the crisp crackled and shrieked beneath the
ltofs of the horses and the runners of the
sleigh; and the chime of the bells filled the
We a tmerry party ; and Ott settinag out
everv heart beat high int joyful unison with
the chime of the bells. Wevll provided with
strawv and " buffadoes," we defied the cold,
and only latughed the louder when wve fet
th;e frost spitrit tingling int our fitgers and
toes, atnd maliciously attackitn" our faces.
.Having beetn disa ppointted in tnot bieitng
able to obtain for a compatnion the young~
queen of any neart-who had cruelly en
g aged herself for another scene of pleasure,
although she knewv I expected hter to go with
mue to the ball, I was the bachelor of the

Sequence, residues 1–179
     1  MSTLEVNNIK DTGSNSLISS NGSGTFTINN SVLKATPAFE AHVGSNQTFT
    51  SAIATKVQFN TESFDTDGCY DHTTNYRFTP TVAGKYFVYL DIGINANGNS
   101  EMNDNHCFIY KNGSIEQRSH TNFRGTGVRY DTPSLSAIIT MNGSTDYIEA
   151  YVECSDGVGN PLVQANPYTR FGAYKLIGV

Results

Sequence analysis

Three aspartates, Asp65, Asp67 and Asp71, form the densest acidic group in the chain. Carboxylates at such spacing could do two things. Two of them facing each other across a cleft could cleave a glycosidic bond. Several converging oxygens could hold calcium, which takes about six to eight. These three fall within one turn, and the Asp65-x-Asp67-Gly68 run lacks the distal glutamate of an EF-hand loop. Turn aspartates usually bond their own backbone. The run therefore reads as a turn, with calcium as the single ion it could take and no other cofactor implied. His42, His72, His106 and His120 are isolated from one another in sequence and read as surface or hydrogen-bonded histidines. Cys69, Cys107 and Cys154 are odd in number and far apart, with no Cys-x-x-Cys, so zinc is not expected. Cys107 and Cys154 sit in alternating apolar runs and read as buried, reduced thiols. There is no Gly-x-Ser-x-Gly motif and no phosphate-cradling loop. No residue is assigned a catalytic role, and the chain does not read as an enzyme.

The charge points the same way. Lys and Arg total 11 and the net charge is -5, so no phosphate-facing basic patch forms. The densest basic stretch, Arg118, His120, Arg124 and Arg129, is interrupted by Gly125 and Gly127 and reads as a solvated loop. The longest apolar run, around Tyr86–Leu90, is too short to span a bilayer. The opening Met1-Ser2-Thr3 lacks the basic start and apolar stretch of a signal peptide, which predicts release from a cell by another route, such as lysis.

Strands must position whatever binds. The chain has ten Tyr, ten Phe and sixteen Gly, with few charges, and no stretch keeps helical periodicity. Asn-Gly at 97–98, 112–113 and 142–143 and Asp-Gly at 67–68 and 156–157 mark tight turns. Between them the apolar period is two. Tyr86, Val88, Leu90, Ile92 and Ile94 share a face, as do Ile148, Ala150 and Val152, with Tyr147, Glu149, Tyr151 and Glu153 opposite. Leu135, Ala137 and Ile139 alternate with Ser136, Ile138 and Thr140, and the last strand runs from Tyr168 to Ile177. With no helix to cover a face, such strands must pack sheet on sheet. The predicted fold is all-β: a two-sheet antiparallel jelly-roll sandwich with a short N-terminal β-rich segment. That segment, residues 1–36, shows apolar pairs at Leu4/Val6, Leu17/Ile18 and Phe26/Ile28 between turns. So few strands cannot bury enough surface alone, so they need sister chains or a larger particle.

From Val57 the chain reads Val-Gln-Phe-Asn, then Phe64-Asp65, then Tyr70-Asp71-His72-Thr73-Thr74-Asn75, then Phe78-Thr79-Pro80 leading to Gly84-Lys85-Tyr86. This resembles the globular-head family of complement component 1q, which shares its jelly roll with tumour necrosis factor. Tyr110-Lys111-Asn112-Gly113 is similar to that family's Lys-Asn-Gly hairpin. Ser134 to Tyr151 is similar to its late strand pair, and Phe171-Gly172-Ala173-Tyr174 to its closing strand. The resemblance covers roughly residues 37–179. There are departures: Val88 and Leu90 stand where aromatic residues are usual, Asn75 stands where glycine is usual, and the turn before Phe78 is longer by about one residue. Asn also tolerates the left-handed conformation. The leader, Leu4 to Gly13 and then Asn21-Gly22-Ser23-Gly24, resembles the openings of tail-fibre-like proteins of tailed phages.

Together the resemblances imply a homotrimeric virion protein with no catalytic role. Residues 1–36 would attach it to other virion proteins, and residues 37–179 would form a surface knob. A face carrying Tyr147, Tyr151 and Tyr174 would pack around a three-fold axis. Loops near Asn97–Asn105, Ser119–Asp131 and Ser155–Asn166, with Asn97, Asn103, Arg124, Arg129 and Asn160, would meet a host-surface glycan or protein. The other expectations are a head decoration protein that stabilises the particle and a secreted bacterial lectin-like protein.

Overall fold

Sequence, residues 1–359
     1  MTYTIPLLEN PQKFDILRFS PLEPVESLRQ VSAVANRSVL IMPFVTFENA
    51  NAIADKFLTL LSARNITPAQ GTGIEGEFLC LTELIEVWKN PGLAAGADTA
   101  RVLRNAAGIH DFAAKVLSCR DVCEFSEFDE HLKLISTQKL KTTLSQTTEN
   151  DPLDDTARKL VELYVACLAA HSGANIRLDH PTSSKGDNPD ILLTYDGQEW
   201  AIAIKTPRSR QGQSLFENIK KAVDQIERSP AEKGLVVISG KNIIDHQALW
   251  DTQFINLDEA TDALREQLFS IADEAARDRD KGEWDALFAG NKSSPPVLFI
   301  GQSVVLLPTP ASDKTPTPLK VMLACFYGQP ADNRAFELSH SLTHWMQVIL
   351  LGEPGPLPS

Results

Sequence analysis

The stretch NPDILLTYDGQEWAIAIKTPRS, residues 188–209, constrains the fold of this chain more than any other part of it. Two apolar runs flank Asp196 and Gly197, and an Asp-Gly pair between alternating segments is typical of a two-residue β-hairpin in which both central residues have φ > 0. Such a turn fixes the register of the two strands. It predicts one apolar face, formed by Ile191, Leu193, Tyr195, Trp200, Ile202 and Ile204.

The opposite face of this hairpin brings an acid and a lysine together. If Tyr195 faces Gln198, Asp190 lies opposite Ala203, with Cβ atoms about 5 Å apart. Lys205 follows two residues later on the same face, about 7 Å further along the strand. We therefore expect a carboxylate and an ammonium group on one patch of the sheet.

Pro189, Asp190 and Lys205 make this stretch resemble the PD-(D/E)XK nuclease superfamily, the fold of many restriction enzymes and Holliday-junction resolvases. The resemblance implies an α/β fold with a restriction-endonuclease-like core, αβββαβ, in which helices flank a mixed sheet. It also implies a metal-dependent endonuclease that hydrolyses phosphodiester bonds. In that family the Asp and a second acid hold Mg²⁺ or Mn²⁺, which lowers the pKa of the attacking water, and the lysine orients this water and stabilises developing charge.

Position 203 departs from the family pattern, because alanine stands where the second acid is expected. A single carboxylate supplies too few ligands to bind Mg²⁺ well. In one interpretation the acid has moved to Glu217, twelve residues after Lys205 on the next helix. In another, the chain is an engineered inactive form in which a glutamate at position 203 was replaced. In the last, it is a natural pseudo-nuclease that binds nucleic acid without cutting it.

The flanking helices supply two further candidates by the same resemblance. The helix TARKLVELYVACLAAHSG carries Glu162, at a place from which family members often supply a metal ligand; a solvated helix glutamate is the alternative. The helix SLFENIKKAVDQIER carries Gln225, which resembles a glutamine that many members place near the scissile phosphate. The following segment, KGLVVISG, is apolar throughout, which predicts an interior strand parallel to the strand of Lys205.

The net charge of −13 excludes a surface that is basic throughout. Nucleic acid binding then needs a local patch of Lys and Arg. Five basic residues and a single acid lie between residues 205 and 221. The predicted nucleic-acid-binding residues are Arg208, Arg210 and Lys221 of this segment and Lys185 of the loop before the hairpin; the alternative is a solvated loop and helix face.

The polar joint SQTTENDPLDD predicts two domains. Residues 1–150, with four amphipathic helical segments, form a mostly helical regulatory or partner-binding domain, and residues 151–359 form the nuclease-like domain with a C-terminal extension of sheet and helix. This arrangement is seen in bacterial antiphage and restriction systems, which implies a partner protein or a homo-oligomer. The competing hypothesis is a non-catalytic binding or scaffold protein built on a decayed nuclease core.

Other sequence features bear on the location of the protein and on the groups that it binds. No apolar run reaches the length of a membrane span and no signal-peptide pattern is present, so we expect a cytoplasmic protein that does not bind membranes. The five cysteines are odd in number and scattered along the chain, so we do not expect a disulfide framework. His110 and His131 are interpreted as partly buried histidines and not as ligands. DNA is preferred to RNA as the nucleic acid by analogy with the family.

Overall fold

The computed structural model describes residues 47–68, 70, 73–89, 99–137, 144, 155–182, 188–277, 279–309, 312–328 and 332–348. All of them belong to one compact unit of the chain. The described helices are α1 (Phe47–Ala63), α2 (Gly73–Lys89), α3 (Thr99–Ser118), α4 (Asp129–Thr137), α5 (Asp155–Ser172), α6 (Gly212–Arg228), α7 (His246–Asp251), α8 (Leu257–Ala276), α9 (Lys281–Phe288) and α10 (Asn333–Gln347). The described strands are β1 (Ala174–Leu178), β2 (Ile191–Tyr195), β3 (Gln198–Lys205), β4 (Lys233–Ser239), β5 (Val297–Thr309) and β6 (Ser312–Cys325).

company ; all my' compantions beidig pro' ided
with par'tners. To conceal the achitg venid
itt my heart, I assumed -an excecding gaiety,
aand declared ttyself happy ini my liberty,
since it aflforded me ant oippoitunity to try
my skill in driving four idhand. F- ac
commodated tme with the reins, and I'-useti
them so as to command his approbatio'l aned
at thme same time to excite emulutiotn in the
hearts of otne or two of my companions.
Whena I was too cold to enjoy driving
any lotnger I crept into the body of the sleigh
in the ntidst of thce buffaloes anad strate whicha
etveloped the party ; and Williatm G
proposed to take tay place.
"No-do tnot, William," I heard his part.
ner say itn a beseeching voice.
Thtis Lizzie Lore-who will ttot blutsh nowv
to see her name wvritten in hull. Witht the
exception of my perfidious Mary 1 looked
upon Lizzie as the most chcarming gitl itt our
village. She was ahen sixteetn-tall, slender
and graceful-itt shtort, thte morst paerfect lilly
I ever beheld. My Mary was a rose. H ad
I preferred lillies to roses, I might have pre
frred L'rrzie to Mary. As it was, I thought
her without att equal in beauty and grace